Base runner section 14 is of sufficient length to permit a substantial receipt of vibrational energy from attached glare blades 12. As the wind and air currents from passing automobiles cause the glare blades 12 to vibrate, part of the vibrational energy is transferred to the rigid attachment plate 16 and then into the base runner 14, where it is dissipated by nonharmonic vibrations emanating from other glare blades 12. This principle is fully described in applicant's U.S. Pat. No. 4,338,041 issued in 1982, the entirety of which is hereby incorporated by reference as an integral part of this application for patent.
The transfer of vibrational energy from glarefoil blades 12 through attachment plate 16 and into the base runner section 14 to assist in dissipation of the vibrational energy is facilitated by constructing these components of composition with physical characteristics and configurations which enhance their capability to transfer vibrational energy. Elastic modulus and moment of inertia are two such physical characteristics which can be exploited to more easily effect such a transfer. By matching the elastic modulus of each glarefoil blade 12 to that of the base runner 14, reflection of vibrational energy back into the glare blade 12 is reduced. Instead, the vibrational energy is carried directly into the base runner 14 in accordance with well-known wave propagation theory.
With respect to the second element, moment of inertia, its use in the present structure is primarily for the purpose of developing rigidity to improve the support and resilience of each glare blade 12 and base member portion 14 of the glarefoil assembly 10. This more rigid structure tends to enhance the propagation of vibrational waves in the same manner that a taut string or rubber band has better wave transmittal characteristics than a loose string. Just as the taut string has resilience to maintain propagation of the wave, the use of ribs and other reinforcing structure which increase moment of inertia operate to improve resilience and transmittance of vibrational energy.
It will be apparent that the structure disclosed by the preferred embodiment herein is only illustrative and should not be considered as the only structure suitable for carrying out the subject invention. It should therefore be understood that the present disclosure is by way of example only and that variations are possible without departing from the scope and spirit of the hereinafter claimed subject matter, which subject matter is to be regarded as the invention.
1. An adjustable glarefoil assembly for mounting to a median barrier along a divided highway comprising:
- an elongate base runner section having a bottom face for attachment to the median barrier and a top face opposing the bottom face,
- a plurality of elongate glarefoil blades having two opposing faces and being adapted to reduce headlight glare from oncoming traffic along the divided highway, and
- adjustable coupling means attached at both of the opposing faces and at one end of each of the glarefoil blades and to the top face of the base runner section at forward and rearward positions with respect to the glarefoil blades such that each glarefoil blade can be angularly adjusted selectively into a plurality of upright, light blocking orientations with respect to a variety of different projected median barrier locations without removal of the blade from the base runner section or removal of the base runner section from the median barrier.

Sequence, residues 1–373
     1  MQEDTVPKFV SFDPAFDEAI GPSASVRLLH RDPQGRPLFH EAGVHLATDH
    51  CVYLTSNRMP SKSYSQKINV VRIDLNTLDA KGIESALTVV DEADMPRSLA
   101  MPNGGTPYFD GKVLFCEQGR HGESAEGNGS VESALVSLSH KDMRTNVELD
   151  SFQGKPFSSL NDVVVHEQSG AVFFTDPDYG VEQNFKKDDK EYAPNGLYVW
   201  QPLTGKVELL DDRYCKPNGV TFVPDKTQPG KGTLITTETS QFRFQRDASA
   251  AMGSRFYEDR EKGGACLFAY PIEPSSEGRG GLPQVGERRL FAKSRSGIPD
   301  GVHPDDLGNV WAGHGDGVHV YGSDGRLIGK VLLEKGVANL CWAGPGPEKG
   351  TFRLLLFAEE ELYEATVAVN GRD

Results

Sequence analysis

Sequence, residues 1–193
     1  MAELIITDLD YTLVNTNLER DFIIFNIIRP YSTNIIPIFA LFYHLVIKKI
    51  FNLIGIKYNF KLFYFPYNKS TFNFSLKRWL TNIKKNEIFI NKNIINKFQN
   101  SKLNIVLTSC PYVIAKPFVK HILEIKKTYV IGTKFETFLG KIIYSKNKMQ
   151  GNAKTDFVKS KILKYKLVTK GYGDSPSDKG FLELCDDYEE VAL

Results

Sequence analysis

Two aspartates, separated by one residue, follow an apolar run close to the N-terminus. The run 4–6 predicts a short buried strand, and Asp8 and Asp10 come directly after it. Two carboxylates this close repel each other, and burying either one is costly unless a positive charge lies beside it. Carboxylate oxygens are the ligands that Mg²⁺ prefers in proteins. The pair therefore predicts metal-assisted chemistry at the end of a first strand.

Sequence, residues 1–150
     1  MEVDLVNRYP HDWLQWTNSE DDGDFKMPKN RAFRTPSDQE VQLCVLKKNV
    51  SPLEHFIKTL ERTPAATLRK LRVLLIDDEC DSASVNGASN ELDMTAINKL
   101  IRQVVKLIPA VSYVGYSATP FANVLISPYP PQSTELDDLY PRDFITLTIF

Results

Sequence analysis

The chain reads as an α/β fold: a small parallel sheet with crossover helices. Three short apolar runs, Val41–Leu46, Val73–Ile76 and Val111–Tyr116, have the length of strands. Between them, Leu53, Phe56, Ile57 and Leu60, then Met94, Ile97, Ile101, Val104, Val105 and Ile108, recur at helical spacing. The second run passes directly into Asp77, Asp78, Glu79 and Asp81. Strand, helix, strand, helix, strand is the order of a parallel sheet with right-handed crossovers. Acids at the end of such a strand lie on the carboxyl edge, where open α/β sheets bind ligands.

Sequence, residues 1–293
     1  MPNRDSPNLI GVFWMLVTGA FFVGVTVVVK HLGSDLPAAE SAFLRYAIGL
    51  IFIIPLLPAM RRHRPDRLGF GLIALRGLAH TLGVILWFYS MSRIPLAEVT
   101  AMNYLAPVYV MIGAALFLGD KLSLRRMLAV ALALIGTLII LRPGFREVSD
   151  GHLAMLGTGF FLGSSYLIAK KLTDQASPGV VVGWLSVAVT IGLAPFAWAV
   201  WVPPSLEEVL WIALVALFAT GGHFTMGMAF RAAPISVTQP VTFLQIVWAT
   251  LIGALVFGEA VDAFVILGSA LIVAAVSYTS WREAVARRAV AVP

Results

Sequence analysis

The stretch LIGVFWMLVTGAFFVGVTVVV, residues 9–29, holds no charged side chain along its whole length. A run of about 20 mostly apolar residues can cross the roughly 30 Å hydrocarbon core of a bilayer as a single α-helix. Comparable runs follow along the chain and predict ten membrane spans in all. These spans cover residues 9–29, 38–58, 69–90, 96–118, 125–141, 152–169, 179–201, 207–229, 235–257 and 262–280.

2. A glarefoil assembly as defined in claim 1, wherein at least four glarefoil blades are provided for each base runner section.
3. A glarefoil assembly as defined in claim 1, wherein the adjustable coupling means comprises a pair of angularly adjustable angular attachment plates attached at opposing faces of the blades.
4. A glarefoil assembly as defined in claim 3, wherein each separate plate has a horizontal portion for attachment to the base runner section and a vertical portion for attachment to one of the opposing faces of the glarefoil blade.
5. A glarefoil assembly as defined in claim 4, wherein the horizontal portion of each separate plate includes a curved slot through which a bolt passes, said slot having concave configuration with respect to the attached blade.
6. A glarefoil assembly as defined in claim 1, wherein each glarefoil blade has the cross-sectional shape of a thin extended I-beam.
7. A glarefoil assembly as defined in claim 1, wherein each glarefoil blade has the cross-sectional shape of a rectangle.
8. A glarefoil assembly as defined in claim 1, wherein each glarefoil blade has the cross-sectional shape of a diamond.
9. A glarefoil assembly as defined in claim 1, wherein each glarefoil blade has the cross-sectional shape of an oval.
10. A glarefoil assembly as defined in claim 1, wherein the base runner section is attached to the median barrier at separated attachment locations to allow vertical movement of the base runner in response to vibrational energy transmitted from the glarefoil blades to the base runner section, where the vibrational energy is dissipated.
Filed: Jun 10, 1991
Date of Patent: Mar 2, 1993
Assignee: Carsonite International Corp. (Carson City, NV)
Inventors: Richard D. Mallon (Carson City, NV), Michael M. Leigh (Carson City, NV)
Primary Examiner: Thuy M. Bui
Law Firm: Thorpe, North & Western
Application Number: 7/712,594